I signed out of social media a week or two ago.
All of it.
We're now over five months into the world of pandemic, and something had to give.
I threw on a hoodie last night - because August evenings in Montreal get chilly - and noticed it was from Vanguard, in Edmonton. A gift when I was speaking there for a few days in February. When life was still normal.
That feels like a foggy dream now.
I miss that world.
Since then ... well, you know. We've all got our own stories, disjointed bits that we will remember.
I remember Tuesday, March 24, around 6 PM.
Oh hey - that's precisely five months ago, today.
We had already moved our Sunday gatherings online. We were already disinfecting every surface, all the time, washing our hands constantly. Some of us had already been working from home.
But now, on this day exactly five months ago, I told everyone in our office to get what they needed, go home and not come back. The government had told all of us to go home. I stood in the silent, darkened office space that Tuesday evening, a little sobered. I wondered what would change before we returned ... on April 13, was the plan.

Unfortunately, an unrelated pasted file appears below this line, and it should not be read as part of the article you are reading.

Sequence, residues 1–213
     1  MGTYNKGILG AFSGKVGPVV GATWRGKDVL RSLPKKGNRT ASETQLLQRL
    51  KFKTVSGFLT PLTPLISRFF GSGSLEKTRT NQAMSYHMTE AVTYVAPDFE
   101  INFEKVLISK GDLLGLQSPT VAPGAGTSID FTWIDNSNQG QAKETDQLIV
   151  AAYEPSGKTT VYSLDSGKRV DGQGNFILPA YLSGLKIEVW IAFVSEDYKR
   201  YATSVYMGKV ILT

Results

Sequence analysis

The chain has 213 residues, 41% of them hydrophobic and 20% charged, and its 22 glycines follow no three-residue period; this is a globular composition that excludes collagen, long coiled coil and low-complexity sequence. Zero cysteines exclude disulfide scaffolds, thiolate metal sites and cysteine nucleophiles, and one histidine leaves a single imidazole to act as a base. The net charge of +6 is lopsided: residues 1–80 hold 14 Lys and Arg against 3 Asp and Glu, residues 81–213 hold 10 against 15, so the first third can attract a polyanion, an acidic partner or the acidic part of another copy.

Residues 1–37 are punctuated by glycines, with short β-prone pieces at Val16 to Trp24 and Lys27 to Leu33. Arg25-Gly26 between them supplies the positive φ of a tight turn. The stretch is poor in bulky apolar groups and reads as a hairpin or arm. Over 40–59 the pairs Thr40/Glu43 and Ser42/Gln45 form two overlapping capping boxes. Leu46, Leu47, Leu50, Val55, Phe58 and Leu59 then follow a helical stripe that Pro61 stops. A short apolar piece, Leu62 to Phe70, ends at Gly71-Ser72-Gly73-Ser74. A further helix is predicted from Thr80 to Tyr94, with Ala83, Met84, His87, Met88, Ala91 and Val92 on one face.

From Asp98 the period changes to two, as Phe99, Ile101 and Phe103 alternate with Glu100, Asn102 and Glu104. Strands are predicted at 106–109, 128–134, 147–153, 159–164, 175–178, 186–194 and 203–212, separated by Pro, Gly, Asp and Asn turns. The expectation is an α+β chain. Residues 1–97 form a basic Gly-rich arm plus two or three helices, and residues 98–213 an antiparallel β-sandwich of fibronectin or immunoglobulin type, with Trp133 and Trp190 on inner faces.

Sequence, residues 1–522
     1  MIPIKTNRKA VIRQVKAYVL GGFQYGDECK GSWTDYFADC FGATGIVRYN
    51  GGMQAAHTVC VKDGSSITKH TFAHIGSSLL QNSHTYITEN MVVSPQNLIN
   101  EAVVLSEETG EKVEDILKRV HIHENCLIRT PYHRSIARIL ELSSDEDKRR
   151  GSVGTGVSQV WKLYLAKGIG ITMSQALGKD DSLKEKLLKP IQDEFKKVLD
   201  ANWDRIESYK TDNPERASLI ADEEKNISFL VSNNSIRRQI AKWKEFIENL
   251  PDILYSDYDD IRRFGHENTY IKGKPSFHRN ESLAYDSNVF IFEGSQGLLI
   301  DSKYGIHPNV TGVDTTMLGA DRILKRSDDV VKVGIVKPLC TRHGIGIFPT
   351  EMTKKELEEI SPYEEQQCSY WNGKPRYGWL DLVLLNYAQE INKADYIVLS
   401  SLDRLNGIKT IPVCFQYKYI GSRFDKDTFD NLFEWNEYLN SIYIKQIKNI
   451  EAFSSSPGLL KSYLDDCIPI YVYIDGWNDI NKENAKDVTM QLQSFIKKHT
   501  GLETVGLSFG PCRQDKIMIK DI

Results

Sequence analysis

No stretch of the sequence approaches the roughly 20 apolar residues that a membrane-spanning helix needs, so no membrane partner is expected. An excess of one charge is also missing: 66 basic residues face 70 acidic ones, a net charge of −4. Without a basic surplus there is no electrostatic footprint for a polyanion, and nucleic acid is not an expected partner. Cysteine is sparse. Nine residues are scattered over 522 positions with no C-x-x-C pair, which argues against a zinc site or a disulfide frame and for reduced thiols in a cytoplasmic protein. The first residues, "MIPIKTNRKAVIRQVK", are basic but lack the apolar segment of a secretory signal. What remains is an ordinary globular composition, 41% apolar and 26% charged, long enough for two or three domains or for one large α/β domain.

We're still not back, not like we were.
I've since moved most of my office home, for the first time since 1994.
After years of literally saying, "Don't worry, no matter what happens, it's not like we would close the church doors" - we closed the church doors.
I'm ok with that, theologically, for a time. We believe the Church is not its building; it is its people. We aren't of the ilk who believe this is an infringement on our freedoms or some form of faith-persecution. But Christians also believe strongly in gathering together - we are a communal faith - and in helping our world - we are a serving faith - and we couldn't do either, not like we wanted to.